… Pol Pot transformed Cambodia into a one-party state called Democratic Kampuchea. Seeking to create an agrarian socialist society that he believed would evolve into a communist society, Pol Pot’s government forcibly relocated the urban population to the countryside to work on collective farms. Pursuing complete egalitarianism, money was abolished and all citizens were made to wear the same black clothing. Pol Pot was a driving force behind the Cambodian genocide, the systematic persecution and killing of Cambodians that the Khmer Rouge regarded as enemies. The genocide, coupled with malnutrition and poor medical care, killed between 1.5 and 2 million people, approximately a quarter of Cambodia’s population. Repeated purges of the CPK generated growing discontent; by 1978 Cambodian soldiers were mounting a rebellion in the east. After several years of border clashes, the newly unified Vietnam invaded Cambodia in December 1978, toppling Pol Pot and installing a rival Marxist–Leninist government in 1979. The Khmer Rouge retreated to the jungles near the Thai border, from where they continued to fight. In declining health, Pol Pot stepped back from many of his roles in the movement. In 1998 the Khmer Rouge commander Ta Mok placed Pol Pot under house arrest, shortly after which he died. …Read more: https://en.wikipedia.org/wiki/Pol_Pot
The Climate Economic Degrowth plan described by NYT includes more money for the education sector. Some of the money saved by heavily restricting the production of goods Degrowth proponents don’t like will be channeled to the academics who created this idea. Limited production of goods will be permitted, which will presumably include rough road vehicles, and guns and ammo for the bodyguards of the academic elite.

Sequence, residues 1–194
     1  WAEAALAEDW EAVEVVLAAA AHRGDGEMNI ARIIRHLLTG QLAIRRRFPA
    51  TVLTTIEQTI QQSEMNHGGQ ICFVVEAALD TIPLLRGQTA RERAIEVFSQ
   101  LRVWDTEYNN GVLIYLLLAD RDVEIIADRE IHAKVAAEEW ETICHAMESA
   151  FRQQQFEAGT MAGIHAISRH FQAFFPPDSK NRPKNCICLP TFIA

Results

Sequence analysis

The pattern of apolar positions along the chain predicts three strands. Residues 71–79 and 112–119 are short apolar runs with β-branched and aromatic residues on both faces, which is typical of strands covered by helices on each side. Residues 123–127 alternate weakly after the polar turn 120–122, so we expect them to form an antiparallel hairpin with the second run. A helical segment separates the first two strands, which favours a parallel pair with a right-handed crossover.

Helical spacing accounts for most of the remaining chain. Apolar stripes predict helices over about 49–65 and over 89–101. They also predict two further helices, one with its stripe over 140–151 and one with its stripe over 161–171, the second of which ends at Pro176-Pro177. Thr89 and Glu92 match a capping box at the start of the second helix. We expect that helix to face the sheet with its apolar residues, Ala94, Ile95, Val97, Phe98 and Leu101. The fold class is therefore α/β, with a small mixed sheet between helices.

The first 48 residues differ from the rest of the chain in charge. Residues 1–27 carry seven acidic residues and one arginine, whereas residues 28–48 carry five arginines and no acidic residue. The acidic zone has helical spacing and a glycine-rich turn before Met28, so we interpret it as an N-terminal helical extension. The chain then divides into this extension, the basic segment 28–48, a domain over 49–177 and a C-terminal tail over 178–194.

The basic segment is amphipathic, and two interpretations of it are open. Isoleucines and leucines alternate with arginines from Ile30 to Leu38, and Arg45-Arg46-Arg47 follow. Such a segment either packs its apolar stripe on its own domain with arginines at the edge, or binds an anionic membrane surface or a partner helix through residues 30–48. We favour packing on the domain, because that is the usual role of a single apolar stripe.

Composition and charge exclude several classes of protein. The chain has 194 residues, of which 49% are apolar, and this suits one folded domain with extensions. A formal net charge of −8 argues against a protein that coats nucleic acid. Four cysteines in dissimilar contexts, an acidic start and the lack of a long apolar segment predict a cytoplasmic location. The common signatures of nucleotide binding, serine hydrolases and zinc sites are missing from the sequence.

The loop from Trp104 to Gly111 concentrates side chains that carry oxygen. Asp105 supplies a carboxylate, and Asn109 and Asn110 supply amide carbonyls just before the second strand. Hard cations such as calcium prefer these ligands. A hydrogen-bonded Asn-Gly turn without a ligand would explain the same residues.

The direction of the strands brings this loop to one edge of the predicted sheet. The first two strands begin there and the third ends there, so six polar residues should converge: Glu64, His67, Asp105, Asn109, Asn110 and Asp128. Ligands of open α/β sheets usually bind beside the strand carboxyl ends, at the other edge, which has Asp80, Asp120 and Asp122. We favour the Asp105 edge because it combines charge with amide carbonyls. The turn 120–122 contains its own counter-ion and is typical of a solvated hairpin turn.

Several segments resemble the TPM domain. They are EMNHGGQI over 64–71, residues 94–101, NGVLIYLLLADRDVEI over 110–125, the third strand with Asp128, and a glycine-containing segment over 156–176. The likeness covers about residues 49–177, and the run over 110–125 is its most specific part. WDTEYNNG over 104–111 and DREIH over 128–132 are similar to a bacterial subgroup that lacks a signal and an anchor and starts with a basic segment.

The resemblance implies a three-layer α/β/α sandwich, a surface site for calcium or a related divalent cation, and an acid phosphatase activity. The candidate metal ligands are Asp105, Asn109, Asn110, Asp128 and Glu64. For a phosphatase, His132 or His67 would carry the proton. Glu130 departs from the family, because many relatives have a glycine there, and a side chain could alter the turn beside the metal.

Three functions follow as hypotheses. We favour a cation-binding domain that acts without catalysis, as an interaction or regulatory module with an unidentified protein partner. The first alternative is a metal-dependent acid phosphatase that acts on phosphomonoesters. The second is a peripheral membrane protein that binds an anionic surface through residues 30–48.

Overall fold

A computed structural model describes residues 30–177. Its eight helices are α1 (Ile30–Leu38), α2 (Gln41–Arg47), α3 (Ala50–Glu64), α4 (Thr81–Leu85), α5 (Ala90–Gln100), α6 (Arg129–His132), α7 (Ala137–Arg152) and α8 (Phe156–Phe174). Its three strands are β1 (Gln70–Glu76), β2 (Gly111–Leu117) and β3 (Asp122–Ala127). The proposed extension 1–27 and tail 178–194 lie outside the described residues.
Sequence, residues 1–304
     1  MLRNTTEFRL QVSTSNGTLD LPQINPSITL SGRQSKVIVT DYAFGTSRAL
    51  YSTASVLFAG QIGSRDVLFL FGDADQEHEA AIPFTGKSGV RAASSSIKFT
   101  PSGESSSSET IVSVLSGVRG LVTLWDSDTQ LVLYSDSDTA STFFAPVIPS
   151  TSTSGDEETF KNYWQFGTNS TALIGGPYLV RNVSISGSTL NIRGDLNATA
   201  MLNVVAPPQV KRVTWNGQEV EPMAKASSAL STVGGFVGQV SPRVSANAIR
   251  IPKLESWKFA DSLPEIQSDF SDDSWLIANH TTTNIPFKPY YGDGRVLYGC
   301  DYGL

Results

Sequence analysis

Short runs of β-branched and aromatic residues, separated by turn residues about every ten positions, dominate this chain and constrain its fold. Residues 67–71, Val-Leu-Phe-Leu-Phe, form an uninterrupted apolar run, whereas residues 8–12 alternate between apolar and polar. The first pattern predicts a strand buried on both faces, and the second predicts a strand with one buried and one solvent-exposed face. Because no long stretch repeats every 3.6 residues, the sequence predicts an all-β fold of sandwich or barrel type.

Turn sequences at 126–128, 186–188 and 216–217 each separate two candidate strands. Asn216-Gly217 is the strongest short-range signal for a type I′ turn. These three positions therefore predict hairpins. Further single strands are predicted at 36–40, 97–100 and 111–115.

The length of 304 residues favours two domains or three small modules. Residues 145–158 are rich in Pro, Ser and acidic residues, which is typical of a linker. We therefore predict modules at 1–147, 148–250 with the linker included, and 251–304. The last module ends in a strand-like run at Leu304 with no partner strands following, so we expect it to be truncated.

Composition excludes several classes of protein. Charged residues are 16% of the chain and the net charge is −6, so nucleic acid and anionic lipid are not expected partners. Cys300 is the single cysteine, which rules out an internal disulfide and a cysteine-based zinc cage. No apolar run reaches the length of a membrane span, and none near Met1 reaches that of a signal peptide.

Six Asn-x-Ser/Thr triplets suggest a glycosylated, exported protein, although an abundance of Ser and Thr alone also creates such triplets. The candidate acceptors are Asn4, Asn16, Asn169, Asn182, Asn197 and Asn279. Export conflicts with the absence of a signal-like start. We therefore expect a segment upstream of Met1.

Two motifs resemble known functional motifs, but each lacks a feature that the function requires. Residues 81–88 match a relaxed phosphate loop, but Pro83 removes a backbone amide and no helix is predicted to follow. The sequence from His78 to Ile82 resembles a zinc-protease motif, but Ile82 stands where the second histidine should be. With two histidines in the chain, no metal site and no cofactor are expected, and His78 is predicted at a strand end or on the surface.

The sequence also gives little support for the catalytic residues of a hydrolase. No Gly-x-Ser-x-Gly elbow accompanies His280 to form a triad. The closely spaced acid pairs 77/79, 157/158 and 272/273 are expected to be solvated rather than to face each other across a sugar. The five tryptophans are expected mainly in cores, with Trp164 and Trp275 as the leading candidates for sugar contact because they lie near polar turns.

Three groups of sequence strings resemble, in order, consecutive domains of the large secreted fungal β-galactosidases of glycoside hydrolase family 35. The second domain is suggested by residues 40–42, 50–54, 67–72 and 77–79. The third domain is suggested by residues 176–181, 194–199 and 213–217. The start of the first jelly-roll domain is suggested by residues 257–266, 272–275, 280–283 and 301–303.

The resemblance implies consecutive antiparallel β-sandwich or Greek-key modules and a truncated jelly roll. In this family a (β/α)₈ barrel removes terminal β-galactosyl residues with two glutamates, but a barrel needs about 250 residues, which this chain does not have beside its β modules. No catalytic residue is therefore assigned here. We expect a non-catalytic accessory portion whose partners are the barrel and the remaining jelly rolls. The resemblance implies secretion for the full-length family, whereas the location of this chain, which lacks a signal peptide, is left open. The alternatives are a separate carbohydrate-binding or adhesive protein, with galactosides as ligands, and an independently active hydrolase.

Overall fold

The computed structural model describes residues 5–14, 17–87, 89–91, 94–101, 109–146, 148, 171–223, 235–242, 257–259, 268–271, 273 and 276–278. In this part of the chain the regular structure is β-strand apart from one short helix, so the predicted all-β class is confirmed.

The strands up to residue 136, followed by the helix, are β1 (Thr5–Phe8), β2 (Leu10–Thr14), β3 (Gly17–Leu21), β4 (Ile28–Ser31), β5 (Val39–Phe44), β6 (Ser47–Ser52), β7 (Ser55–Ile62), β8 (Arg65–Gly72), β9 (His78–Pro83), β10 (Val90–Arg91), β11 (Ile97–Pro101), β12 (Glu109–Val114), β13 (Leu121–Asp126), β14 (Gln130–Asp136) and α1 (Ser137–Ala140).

i mean, someone needs to oversee the new restricted living communal villages. Regular inspections would be required to enforce living in harmony with nature, to ensure that any political unreliables with engineering skills who somehow survive the purges don’t covertly attempt to break the mandatory harmony by building forbidden machines.
My point is, what happened in Cambodia in 1975 could happen again. The strength of the deep green back to nature movement is the measure of our peril.
Only vigilance and prompt public challenge can prevent Climate Economic Degrowth proponents from tapping into ordinary people’s understandable angst about technology and our fast paced changing society, just as Pol Pot once did in Cambodia.